Daydream Island

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Daydream Island
Welcometodaydream05.jpg
Foyer of the Daydream Island resort and spa
Geography
Location Queensland, Australia
Archipelago Molle Islands
Length 1 km (0.6 mi)
Width .4 km (0.25 mi)
Highest elevation 51 m (167 ft)
Country
Australia
State Queensland
LGA Whitsunday Regional Council

Daydream Island is one of seven islands of the Molle Group, a sub-group of the Whitsunday Islands in Queensland, Australia. The island is small, measuring 1 km in length and 400 m at its widest point. The highest point on the island is 51 metres above sea level.

There are two tourist resorts on the island: the original resort at the southern end and a newer resort at the north-eastern end. The original resort caters to day visitors and the newer resort, which opened in 1990, caters to overnight guests. Tourists from the mainland port of Abel Point Marina regularly visit the island.

History[edit]

Christened West Molle Island in 1881,[1] the present name "Daydream" came into use during the 1930s when Lee (Paddy) and Connie Murray established the first tourist resort on the island. Day Dream was the name of a yacht owned by the Murrays. Ownership of the resort has transferred to a number of individuals or groups since the 1930s. Notable owners include Reg Ansett, who dismantled the resort in 1953 and shipped the buildings to his new resort on Hayman Island; and Bernie Elsey, whose massive redevelopment of the island in 1967 was destroyed by Cyclone Ada three years later. The resort is currently owned by Vaughan Bullivant.[2]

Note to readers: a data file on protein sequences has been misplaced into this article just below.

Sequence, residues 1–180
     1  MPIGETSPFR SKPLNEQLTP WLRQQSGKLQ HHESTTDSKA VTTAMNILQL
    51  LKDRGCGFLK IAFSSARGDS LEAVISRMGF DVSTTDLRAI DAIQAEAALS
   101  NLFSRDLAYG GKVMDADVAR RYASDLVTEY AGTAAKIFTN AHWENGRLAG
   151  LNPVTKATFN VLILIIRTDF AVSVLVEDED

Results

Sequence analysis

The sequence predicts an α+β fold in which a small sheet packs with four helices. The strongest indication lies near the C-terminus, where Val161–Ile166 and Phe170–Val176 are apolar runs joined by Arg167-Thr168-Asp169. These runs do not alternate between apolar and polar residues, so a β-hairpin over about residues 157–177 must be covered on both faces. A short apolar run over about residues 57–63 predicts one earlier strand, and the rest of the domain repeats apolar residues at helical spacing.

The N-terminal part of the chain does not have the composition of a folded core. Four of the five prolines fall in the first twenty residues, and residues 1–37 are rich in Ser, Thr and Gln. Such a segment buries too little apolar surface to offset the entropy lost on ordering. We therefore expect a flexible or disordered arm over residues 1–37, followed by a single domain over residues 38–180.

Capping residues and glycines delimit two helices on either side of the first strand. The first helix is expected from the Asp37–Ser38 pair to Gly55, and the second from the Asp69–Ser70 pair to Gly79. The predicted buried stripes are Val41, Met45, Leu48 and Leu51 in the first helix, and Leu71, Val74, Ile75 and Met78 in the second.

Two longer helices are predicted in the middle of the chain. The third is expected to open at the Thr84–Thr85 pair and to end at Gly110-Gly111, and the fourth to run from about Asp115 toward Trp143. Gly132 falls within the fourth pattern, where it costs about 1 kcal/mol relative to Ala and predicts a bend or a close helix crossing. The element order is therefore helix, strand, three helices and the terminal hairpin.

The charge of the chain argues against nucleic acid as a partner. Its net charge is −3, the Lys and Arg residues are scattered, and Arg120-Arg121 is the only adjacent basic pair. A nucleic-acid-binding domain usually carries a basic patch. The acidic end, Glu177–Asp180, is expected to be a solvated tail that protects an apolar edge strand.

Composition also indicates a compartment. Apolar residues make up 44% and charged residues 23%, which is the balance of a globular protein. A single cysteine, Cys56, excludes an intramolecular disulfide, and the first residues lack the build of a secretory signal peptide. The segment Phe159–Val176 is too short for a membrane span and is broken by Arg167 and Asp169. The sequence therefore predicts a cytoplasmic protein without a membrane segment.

Attractions[edit]

Resort pool area by night, 2005

Daydream Island is a mecca for sailing enthusiasts. It has a unique outdoor aquarium, with exotic sea life from the Great Barrier Reef. The aquarium has about 80 different types of sea life and about 50 different corals. Wallabies roam around outside the resort by the beach. It is a short ferry ride from Great Barrier Reef airport on Hamilton Island to Daydream Island, and also just minutes away by boat to Airlie Beach. Activities like snorkeling, sail-boarding, jet-skiing, parasailing, coral viewing, scuba diving, volleyball, tennis, and badminton are popular.

See also[edit]

Notes[edit]

References[edit]

  • Wheeler, T. and Armstrong, M. (1994). Islands of Australia's Great Barrier Reef (2nd edition). Melbourne. Lonely Planet Publications. (pp. 138–141).
  • Travelscene. (2009). Daydream Island and Spa, Great Barrier Reef, Australia: Hotel & Resorts: Vacations & Holidays
  • Whitsunday Islands, Australia. Travelscene. Retrieved 29 September 2009.
  • Woodard, A. (2006). The wonder of Whitsunday. Mailonline. Retrieved 29 September 2009

External links[edit]